Aortic Stenosis or Restricted Aortic Valve Opening and TAVR

Aortic stenosis is the restriction in the opening of one of the major valves of the heart. Like a door in your house not opening completely to let people out. TAVR or transcatheter aortic valve replacement is a technique to replace the restricted valve using a catheter instead of an open heart surgery.

The heart has four major valves which prevent the blood from flowing back. Two valves are between the upper and lower chambers, one on the right and another on left. Two valves are between the lower chambers and arteries leading the blood out, again one on the right and another on left (figure 1). The valves prevent the blood from backing up.

Figure 1: Deconstructed heart
Figure 1: Deconstructed heart

Aorta is the big artery which carries the oxygenated blood out from the left lower chamber to the body. The valve at the mouth of this aorta is called the aortic valve (figure 2). 

Figure 2: Aorta and the aortic valve
Figure 2: Aorta and the aortic valve

Imagine a room full of people trying to exit out of a widely open door. This is the normal heart. The door here is the aortic valve. As the door starts closing, only a few number of people can exit out at a time. This is aortic stenosis (figure 3).

Figure 3: Normal versus restricted opening of the valve
Figure 3: Normal versus restricted opening of the valve

The left lower chamber must work hard to push the blood out from this closing door. This takes a toll on the chamber eventually and it starts failing, resulting in heart failure. Another consequence of aortic stenosis is that less blood gets pumped out with each cycle, again due to a narrow opening in the door. Consequently, less blood reaches the organs, resulting in symptoms described below. 

Risk factors: 

A pre-existent valve condition or a damage in the past from infection, rheumatic heart disease or any other cause can result in narrowing in the future. A previously known malformed valve called bicuspid valve, where the valve has two leaflets instead of three, can also progress to narrowing. Calcium may build up on the valves with old age, kidney disease or in hereditary conditions, which can obstruct the opening of the valve.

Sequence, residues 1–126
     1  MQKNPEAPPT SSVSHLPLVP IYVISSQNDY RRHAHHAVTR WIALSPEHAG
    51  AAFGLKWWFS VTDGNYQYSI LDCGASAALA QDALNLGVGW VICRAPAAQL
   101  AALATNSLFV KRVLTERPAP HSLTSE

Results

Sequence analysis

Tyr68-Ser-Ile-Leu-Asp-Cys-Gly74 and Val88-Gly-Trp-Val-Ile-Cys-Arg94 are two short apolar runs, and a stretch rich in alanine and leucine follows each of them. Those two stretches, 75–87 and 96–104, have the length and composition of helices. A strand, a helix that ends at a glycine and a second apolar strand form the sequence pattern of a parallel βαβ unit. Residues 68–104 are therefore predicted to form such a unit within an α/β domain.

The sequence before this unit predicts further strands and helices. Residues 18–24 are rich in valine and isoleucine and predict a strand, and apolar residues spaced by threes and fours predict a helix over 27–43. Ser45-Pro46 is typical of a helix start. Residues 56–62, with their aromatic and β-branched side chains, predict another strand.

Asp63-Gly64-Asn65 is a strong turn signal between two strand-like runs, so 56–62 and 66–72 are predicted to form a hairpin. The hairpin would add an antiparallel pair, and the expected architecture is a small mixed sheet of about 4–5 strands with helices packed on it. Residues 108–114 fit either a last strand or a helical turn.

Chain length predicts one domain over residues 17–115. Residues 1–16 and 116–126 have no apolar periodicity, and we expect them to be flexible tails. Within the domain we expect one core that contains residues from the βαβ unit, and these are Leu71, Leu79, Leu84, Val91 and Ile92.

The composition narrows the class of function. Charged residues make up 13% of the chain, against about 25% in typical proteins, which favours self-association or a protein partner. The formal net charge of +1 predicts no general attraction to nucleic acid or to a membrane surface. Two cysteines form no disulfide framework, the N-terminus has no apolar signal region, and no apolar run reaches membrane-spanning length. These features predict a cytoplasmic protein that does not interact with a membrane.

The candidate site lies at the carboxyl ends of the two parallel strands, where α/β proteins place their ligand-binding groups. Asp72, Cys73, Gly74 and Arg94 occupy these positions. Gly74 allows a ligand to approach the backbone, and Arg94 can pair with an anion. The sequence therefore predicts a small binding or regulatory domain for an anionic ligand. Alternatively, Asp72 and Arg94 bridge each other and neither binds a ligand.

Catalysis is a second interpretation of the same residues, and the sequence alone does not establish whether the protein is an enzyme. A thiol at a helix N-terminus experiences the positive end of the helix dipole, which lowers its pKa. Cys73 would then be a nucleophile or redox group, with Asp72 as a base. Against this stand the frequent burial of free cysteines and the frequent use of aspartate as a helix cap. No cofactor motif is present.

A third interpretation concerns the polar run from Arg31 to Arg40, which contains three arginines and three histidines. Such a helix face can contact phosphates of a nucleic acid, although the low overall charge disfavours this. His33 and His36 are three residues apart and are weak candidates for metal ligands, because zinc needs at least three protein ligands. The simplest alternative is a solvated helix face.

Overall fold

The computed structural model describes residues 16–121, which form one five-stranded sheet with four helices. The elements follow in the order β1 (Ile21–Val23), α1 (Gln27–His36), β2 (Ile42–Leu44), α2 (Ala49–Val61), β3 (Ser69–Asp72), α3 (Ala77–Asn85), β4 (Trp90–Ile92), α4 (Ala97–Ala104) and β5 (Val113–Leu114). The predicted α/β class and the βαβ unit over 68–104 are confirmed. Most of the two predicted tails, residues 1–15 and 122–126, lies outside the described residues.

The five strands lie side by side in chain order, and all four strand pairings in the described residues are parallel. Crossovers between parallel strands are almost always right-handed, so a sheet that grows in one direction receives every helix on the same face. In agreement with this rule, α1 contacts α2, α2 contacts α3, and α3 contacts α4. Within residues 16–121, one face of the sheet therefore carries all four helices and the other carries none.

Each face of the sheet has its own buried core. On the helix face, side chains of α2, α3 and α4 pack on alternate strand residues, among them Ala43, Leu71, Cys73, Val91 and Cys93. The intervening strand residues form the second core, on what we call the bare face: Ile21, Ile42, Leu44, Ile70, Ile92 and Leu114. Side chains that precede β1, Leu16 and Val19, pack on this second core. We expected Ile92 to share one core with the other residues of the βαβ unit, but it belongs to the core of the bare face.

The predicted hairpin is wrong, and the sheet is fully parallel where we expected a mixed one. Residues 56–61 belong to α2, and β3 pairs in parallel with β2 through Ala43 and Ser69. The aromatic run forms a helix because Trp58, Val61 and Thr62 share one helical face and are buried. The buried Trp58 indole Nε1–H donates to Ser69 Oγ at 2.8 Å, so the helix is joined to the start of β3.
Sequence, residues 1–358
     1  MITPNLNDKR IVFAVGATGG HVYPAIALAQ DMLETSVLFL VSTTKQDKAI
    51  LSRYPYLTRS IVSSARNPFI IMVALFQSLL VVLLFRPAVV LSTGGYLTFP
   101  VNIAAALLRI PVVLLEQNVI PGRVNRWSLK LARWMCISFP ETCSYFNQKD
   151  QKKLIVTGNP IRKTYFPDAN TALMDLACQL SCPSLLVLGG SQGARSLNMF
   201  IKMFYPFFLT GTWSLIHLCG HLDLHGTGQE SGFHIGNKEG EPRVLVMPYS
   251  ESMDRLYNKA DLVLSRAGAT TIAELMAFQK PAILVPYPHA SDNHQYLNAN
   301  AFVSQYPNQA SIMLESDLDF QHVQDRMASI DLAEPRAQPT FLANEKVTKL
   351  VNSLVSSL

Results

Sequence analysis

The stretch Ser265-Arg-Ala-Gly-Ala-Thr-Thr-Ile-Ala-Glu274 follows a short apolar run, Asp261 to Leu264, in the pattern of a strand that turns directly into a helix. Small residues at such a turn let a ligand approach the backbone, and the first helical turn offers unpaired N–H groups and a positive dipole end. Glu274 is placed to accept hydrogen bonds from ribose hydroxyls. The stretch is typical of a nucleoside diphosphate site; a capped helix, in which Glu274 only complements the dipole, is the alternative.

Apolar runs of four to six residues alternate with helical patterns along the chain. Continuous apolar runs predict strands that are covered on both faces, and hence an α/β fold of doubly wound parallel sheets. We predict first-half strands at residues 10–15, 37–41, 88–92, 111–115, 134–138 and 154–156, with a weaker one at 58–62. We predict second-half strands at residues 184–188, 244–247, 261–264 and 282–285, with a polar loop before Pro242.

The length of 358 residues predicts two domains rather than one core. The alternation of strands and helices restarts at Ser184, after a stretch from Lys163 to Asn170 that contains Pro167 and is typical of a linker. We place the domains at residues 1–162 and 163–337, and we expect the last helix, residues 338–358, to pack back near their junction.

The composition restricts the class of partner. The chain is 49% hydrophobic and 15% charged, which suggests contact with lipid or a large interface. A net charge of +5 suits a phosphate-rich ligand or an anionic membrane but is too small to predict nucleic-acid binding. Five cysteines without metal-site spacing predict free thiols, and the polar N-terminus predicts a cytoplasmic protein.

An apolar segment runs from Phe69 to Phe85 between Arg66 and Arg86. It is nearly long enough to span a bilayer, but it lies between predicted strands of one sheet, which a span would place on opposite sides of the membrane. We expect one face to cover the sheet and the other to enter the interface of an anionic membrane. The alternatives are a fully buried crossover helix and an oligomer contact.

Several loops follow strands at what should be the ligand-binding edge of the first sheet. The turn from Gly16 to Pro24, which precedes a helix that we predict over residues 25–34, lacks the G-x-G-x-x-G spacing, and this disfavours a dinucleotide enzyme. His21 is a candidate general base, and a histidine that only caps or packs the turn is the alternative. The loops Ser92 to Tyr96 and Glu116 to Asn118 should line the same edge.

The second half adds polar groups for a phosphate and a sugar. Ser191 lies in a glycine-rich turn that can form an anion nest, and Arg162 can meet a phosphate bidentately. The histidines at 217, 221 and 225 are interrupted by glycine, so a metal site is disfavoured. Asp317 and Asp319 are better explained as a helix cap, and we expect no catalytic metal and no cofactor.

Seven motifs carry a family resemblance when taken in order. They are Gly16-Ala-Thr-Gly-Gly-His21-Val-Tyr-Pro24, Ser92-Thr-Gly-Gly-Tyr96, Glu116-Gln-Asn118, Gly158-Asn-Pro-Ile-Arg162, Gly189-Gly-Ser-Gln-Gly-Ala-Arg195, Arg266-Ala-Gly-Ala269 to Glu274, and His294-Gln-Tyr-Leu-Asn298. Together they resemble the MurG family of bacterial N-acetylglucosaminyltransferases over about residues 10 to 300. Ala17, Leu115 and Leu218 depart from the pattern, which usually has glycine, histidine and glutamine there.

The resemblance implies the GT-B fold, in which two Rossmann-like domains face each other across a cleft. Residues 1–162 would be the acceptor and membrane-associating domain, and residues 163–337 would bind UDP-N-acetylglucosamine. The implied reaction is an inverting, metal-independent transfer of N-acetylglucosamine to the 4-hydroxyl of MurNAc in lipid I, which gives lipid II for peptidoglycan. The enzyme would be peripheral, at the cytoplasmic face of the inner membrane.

Early stages usually lack symptoms as the body adapts to the above changes. In later stages, symptoms such as dizziness, tiredness, syncope may happen. When the workload on the left lower chamber rises, chest pain, shortness of breath and palpitations result. The onset of symptoms usually signals progression of disease and indicate an urgency in treatment.  


Early detection and treatment of aortic stenosis is the key. The manifestations can be subtle in early stages. Diagnosis requires direct visualization of the valve using ultrasound, called echocardiography or echo. Certain factors while viewing the valve decide the severity of the disease. Also important are the changes occurring to the heart as a whole as a consequence to the valve disease, including change in the heart function called ejection fraction. 

The echo can be performed through a probe on the chest, which gives usable information. However, as the severity worsens or if the pictures are not clear, it becomes necessary to get the probe closer to the heart. This is done through a procedure abbreviated as TEE, where the probe is introduced into the food pipe through the mouth, just like an endoscope. The probe is now closer to the heart and can get accurate pictures of the severity. 

Other modes used for diagnosis include an MRI or CT scan, however the primary mode of follow up is through an echo. 

Once the door is felt to be closing, regular follow up with a cardiologist is necessary. Echo may be repeated regularly based on the severity of the disease. 


There are largely two options for treatment. The traditional treatment option is to surgically replace the valve through an open-heart surgery. The replaced valve may be metallic or biologic such as pig/cow/deceased human valve. Metallic valves have the advantage of being durable but need blood thinners to be taken daily to prevent blood clots on the valves. Biologic valves usually do not need long-term blood thinners however they are not as durable and may need replacement after a decade. Each type of valve clearly has some advantages and the choice depends on a good discussion with the surgeon. 

A relatively newer modality of treatment is valve replacement using a catheter. A biologic valve placed within a metallic framework is used in this technique called TAVR or transcatheter aortic valve replacement (figure 4). 

Figure 4: Biologic valve within a metallic framework
Figure 4: Biologic valve within a metallic framework

In simple terms, a catheter is inserted into an artery in the leg and it is guided across the aorta towards the diseased valve. A catheter containing the metallic framework described above in a collapsed form is then guided across the valve. The framework containing a new biologic valve is then expanded across the diseased valve, squeezing it to the sides (figure 5). 

Figure 5: The framework or scaffolding is expanded across the diseased valve
Figure 5: The framework or scaffolding is expanded across the diseased valve

Each modality of treatment has advantages over the other and the choice between these treatment options is a complex one. A good discussion with the surgeon/cardiologist is recommended. 

All opinions expressed here are those of the author and not of the employer. Information provided here is for medical education only. It is not intended as and does not substitute for medical advice.

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